I’ve been wondering, as is my wont, on issues I can do nothing about.
The big play at the moment seems to be between the proponents of big versus small government. I tweeted a link this afternoon to a piece on A Better People. The piece describes how some of the functions of tax collection might be replaced with the process of crowdfunding:
With the rise of the internet, however, another approach to funding government is becoming more viable – crowdfunding.
Crowdfunding involves asking people to provide funds for worthwhile projects on a micro-scale, many individuals each donating a small amount.
This isn’t a totally new approach. Rich philanthropists have donated millions for worthwhile causes, communities have come together to fund (and build) small public works and individuals have adopted park benches and potholes for many years.
However the internet has lifted crowdfunding to a new level, with the potential to cost-effectively raise millions of dollars through tiny individual donations in a managed way.
The only response to my tweet at the time of writing was (I think) to indicate this would be the way forward in order to cut big government. I fail, however, to see how this conclusion was arrived at. Let me explain.
In our modern civilisation, government is always big. In reality, there is no getting away from this big government. Sometimes, this government is located in that part of society where politicians are voted for and we regularly (though not as frequently as we might prefer) get to throw them out. This kind of big government may attempt – as I feel is right – to mediate between the needs of the voters, the economic engine of business and other interested parties out there. It may, however, on the other desultory hand, and as I believe is happening right now, give in to the demands of moneyed citizens and allow them a permanently exaggerated influence over the resulting democracy.
There is, of course, quite a different big government. This is the kind of big government which results from the kind of response (I think) the tweet I mention above was making. Here, the proponents of such government make out it is actually small government. They aim to ensure politicians we vote for have as few resources as possible to dish out and share (or not) amongst the commoners. What such proponents fail to realise is that big government – just like energy (a matter which is never created, never destroyed, only ever converted) – will always find a place to install itself. In this case, then, those moneyed citizens I mention above gain not just a permanently exaggerated influence over this now sad body we call democracy but – in truth – a de facto control over everything.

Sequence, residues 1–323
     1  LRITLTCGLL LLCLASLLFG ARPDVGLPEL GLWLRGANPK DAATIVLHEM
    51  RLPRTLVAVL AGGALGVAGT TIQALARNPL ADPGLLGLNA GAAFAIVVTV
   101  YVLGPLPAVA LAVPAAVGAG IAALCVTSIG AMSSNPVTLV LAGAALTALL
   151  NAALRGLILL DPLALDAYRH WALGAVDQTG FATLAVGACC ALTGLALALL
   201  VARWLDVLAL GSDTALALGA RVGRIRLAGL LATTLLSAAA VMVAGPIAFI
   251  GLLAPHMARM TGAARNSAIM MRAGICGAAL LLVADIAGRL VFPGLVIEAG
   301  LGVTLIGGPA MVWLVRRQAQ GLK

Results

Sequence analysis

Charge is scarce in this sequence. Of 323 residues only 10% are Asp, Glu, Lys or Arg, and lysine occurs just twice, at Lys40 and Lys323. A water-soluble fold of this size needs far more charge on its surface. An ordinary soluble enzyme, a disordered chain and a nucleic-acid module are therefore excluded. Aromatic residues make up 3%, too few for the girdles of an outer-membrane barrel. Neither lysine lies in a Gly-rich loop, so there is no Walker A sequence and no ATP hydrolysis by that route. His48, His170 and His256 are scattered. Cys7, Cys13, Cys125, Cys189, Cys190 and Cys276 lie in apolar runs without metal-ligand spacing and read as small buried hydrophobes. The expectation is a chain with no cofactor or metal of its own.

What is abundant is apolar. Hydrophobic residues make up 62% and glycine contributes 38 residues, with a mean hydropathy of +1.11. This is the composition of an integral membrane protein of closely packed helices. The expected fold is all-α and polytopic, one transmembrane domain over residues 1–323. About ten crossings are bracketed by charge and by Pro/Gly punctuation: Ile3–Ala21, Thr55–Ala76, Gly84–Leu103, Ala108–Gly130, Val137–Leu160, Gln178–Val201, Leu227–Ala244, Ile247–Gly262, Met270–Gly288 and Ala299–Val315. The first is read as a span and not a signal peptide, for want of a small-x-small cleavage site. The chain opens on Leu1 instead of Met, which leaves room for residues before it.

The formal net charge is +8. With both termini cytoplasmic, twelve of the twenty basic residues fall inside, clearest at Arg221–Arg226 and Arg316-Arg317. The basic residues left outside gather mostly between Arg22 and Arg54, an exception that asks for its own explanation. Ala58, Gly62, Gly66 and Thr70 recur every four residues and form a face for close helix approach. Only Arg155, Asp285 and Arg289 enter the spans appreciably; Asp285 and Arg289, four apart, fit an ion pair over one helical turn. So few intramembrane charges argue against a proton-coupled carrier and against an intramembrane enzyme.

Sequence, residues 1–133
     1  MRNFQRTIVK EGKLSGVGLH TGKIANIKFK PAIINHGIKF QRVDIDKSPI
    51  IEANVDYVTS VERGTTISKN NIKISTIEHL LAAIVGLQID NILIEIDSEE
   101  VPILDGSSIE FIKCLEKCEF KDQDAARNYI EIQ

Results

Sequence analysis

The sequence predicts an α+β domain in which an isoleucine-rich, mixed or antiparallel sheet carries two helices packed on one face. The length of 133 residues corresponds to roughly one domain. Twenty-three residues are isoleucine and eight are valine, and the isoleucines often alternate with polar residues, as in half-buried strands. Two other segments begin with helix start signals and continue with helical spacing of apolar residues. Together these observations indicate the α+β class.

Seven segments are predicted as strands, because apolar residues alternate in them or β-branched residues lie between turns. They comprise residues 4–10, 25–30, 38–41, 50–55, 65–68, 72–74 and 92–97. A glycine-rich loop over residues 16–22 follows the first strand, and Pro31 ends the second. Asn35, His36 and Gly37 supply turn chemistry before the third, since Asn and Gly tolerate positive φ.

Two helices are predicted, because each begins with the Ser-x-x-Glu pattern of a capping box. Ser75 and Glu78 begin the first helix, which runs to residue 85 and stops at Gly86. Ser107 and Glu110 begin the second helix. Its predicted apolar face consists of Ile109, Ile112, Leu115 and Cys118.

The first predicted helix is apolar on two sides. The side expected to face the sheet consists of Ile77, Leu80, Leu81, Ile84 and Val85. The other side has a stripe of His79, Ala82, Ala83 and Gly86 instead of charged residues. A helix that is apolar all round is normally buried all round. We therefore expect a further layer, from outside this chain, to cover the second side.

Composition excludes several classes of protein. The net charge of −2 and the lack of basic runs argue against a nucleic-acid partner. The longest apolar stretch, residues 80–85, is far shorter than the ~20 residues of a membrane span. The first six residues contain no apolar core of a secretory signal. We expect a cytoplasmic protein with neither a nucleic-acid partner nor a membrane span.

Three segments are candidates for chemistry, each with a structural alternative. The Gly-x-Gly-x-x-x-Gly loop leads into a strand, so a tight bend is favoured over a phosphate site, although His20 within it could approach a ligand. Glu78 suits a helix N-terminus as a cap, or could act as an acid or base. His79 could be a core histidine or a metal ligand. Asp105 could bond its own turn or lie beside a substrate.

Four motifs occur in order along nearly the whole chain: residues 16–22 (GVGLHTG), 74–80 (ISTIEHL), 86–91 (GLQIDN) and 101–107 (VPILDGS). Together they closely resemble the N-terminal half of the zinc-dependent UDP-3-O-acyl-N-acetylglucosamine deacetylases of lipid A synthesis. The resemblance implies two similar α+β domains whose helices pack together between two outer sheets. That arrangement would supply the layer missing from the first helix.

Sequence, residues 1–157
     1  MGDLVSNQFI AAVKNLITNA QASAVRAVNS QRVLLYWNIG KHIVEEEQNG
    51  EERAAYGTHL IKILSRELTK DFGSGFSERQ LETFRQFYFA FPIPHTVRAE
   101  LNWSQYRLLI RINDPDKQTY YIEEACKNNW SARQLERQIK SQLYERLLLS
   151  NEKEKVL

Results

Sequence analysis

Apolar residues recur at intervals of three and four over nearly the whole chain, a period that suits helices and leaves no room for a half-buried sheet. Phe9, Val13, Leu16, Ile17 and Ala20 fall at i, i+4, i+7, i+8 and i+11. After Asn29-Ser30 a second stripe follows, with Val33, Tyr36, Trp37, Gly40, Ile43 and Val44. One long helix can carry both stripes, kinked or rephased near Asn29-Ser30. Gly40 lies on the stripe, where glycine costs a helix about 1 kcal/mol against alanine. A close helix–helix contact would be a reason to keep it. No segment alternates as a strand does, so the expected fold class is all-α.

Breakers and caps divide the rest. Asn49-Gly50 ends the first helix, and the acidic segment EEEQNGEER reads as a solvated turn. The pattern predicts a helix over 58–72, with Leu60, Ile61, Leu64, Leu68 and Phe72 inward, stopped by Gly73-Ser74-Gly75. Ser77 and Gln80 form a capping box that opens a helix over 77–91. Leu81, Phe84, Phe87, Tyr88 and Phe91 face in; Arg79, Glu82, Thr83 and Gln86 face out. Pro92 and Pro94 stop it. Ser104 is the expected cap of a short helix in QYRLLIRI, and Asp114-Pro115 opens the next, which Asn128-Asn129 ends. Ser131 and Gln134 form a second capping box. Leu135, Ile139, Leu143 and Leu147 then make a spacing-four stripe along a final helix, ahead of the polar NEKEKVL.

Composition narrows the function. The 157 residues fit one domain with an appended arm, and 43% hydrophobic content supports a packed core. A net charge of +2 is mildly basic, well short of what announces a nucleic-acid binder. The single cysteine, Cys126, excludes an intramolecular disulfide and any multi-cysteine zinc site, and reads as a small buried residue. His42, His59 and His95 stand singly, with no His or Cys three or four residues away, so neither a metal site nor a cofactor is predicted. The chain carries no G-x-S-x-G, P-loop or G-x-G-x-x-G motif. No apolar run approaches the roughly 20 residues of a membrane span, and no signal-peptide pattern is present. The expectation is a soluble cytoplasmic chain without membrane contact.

This is how big government slides into a different landscape: it becomes the exclusive tool of the rich and wealthy instead of a bulwark against the abuses all of us at some time or other might be inclined to contemplate. From the hateful big public government feared by the small governmenters – that beast which cannot always be properly controlled – it becomes the fearful big private government despised by the state-enamoured socialists and social democrats.
The only conclusion I can come to as a result is that big government is a given; is inevitable; and needs to be accepted.
In a complex society such as the one we now inhabit, the question is not big versus small government.
The question is what type of big government.
Which leads me on to consider the confusing issue of democracy. If we believe in it, we should implement it above and beyond the immediate requirements of efficacy. And if we believe in it thus, big government should serve – above all – the democratic instincts which allow a populace to express its voice on a regular basis.
If, however, we feel at all that time is short – that decisions taken speedily are more useful than decisions taken ultra-democratically – the kind of big government we should really be contemplating is quite a different beast. Here, it should be populated by pyramidal hierarchies where few people are in charge. The principle being that a bad decision taken quickly is better than any decision at all – whether good or bad – which finds itself being taken over a wearisome period of time.
And if we believe in a democracy of greater complexity, a “good democracy” to use Peter Levine’s terminology, where the needs of citizen empowerment are matched against the efficiency of the process, where indeed the definition of efficiency contemplates the degree to which ordinary citizens are afforded the opportunity to take part, the kind of big government we should aim to create will combine aspects of both the big public government we are accustomed to complain about as well as the big private government we are generally led to believe benign.
Or which we are, in fact, mostly oblivious of.
Big versus small government? I think it’s clear what I feel on the subject. The real question now, I suppose, is whether those who prefer to posit the argument around the aforementioned axis do so out of ignorance or do so with an unfortunate – and quite ill-natured – intentionality.
A question for another day perhaps?
What say you?